Rajon Rondo wore a black sling on his left arm to help protect the surgically repaired bone in his hand.
His relationship with the Boston Celtics appears healthy.
Entering the final season of his contract, the only star on the rebuilding team had a simple answer Monday when asked if he wants to stick around beyond that: “Yes,” he said.
The point guard is expected to miss at least the first two weeks of Boston’s season, which starts Oct. 29 at home against the Brooklyn Nets.
President of basketball operations Danny Ainge said at the Celtics’ media day that he has tried to sign Rondo to an extension, but the collective bargaining agreement makes it in Rondo’s financial interests to wait.
Meanwhile, Rondo must wait to play until getting medical clearance for the injury that he said occurred when he slipped in the shower.
“Am I under investigation?” Rondo joked when asked about the injury. “I slipped and tried to catch my hand. It wasn’t like a banana (peel) slip. I actually almost caught myself. I landed on my knuckle on the windowsill in my home.”
The four-time All-Star became the undisputed leader of the young team when the Celtics traded Paul Pierce and Kevin Garnett to the Nets before last season. But he has been the subject of trade speculation several times in his eight NBA seasons, all with Boston.
The 28-year-old Rondo seems to have bonded with 37-year-old Brad Stevens, who took over as coach before last season.
“He’s the most positive coach I’ve ever played for,” said Rondo, who played his first seven NBA season under Doc Rivers and his two seasons at Kentucky under Tubby Smith. “We talk a lot. He’s actually the guy I call and work out with. So it’s kind of unusual for the head coach to be the guy that you work out with.”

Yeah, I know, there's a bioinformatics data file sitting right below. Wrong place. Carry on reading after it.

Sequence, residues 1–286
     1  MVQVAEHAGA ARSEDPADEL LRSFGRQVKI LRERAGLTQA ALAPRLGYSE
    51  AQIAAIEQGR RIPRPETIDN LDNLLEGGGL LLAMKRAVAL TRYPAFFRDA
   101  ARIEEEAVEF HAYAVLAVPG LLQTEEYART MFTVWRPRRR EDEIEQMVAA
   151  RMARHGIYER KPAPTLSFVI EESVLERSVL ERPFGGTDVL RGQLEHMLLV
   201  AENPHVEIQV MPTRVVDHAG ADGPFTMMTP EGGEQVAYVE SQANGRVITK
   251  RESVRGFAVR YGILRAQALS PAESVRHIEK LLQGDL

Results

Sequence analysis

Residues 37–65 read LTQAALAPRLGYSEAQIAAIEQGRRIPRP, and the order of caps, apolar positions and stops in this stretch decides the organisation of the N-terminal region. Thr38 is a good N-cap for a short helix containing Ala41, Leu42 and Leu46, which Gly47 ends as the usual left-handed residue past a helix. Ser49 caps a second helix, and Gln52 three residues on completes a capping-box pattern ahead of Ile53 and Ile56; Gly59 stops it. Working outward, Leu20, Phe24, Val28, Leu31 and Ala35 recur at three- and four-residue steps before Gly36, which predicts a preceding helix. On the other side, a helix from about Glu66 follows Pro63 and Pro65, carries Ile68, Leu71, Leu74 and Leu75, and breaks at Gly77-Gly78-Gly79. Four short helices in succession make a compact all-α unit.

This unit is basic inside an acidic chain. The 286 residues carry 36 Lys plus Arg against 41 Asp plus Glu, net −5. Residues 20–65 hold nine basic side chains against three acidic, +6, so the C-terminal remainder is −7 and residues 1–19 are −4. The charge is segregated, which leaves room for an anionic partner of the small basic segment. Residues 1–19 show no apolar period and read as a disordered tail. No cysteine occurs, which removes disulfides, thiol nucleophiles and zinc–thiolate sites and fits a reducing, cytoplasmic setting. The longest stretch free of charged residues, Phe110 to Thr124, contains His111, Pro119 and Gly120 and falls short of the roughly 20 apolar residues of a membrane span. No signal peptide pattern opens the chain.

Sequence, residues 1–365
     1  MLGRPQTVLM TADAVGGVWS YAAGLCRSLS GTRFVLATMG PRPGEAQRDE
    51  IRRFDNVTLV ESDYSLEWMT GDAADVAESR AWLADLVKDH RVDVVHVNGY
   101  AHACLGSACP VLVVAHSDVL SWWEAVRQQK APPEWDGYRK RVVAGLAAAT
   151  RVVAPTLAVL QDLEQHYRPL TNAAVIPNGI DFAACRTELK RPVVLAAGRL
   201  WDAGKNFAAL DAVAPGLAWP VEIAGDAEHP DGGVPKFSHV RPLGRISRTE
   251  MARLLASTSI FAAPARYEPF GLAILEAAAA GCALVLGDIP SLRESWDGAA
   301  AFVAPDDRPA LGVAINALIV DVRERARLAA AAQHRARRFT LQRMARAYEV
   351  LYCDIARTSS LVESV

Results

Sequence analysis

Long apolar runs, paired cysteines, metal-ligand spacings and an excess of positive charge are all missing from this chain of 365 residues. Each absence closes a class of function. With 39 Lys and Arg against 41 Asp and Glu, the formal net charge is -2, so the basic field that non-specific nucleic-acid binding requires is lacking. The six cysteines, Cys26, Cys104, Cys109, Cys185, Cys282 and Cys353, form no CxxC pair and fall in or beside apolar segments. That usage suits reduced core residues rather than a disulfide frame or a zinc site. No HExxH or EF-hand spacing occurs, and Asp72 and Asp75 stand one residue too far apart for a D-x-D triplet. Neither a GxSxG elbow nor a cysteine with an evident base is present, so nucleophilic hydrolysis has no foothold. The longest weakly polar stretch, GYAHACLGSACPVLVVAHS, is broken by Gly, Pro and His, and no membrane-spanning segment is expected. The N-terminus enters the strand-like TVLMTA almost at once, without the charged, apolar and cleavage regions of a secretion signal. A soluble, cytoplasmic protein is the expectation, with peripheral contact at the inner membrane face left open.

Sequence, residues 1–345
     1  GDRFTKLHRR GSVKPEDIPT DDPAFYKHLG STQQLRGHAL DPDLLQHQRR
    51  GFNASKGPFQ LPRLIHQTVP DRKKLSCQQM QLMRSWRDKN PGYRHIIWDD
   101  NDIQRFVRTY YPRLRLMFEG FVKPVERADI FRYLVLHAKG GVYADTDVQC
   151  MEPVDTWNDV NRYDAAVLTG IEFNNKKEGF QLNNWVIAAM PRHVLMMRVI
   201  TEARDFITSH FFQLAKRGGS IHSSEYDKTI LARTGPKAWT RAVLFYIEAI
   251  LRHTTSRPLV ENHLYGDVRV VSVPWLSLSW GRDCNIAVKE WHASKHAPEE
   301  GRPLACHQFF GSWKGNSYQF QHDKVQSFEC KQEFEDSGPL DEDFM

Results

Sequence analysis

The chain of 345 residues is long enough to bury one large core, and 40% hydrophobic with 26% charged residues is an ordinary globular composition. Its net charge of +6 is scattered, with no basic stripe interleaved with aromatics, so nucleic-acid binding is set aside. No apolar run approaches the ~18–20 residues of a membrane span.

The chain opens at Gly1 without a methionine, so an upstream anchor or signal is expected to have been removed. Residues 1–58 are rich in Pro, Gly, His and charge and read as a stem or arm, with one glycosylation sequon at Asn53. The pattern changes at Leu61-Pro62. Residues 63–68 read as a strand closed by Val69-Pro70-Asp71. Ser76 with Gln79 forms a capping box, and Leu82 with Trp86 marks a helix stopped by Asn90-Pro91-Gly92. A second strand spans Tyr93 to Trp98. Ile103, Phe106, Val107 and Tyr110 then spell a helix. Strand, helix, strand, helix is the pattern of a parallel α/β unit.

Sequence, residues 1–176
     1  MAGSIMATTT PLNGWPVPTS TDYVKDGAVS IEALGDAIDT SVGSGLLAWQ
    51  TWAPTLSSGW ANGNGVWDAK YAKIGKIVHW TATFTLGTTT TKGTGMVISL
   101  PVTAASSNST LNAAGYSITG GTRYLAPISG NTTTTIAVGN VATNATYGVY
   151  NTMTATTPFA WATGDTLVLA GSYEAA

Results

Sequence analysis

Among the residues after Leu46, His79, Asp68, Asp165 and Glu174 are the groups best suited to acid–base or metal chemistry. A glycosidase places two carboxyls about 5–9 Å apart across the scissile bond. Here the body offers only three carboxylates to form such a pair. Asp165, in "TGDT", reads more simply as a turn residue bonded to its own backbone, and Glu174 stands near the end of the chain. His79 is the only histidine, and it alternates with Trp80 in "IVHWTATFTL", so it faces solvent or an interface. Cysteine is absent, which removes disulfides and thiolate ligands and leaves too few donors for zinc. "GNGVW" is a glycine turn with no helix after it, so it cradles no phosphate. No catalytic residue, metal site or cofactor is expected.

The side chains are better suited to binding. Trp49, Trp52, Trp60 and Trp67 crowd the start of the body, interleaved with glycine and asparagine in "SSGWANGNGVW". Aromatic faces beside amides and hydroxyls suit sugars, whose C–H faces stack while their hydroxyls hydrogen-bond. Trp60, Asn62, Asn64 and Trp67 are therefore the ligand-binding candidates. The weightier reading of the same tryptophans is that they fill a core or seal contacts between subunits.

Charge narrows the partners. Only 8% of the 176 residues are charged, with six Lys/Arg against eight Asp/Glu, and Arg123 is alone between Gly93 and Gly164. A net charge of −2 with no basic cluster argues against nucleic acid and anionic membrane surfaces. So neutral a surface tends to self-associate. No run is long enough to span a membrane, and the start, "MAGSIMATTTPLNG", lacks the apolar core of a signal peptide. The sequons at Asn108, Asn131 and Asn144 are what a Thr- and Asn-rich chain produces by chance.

Working with a rebuilt roster, Stevens was 25-57 last season for the third-worst record in team history. It was the first season of Stevens’ six-year, $22 million contract.
Rondo missed the first 40 games last season recovering from major knee surgery and was healthy this offseason, until Thursday night. He had surgery on Friday.
Ainge said he has no reason to doubt Rondo’s description of the incident and recalled his own injury from slipping after a shower in Las Vegas this summer.
“I was staying at the Wynn Hotel and I came out of the shower and slipped and smashed my head (and) had to go to the emergency room,” Ainge said, “so I guess it’s not so shocking to me that that’s possible. Talking to the medical staff and so forth, (Rondo’s) injury is an injury that happens when you land. It’s not like a hitting injury or a hitting-a-wall injury or something like that.
“I’ve been with him now for eight years and he’s never lied to me that I’m aware of and I have no reason not to believe him.”
He also said the team is not investigating the incident.
Without Rondo, the point guard candidates include Avery Bradley, Phil Pressey, Marcus Smart and Evan Turner.
Bradley, the 19th player drafted in 2010, signed a four-year contract in the offseason. Pressey made the team as a rookie free agent last season. Smart was drafted in the first round this year.
Turner, the No. 2 overall pick in 2010, signed with the Celtics on Monday. He spent his entire career with Philadelphia before being traded to Indiana on Feb. 20.
The 6-foot-7 Turner “played (point guard) one year in college and he was national college player of the year,” in his final season at Ohio State, Stevens said.
“I just want to come in and help the team where I possibly can,” said Turner, who averaged 17.4 points in 54 games with the 76ers last season and just 7.1 in 27 games with Pacers. “I really want to earn my minutes on the floor.”
Once Rondo is healthy, the point guard job is his.
“I’m just anxious to get back out there on the court and show what I can do,” he said. “I know this isn’t a championship team, but we’re going to go out there every night and play hard.”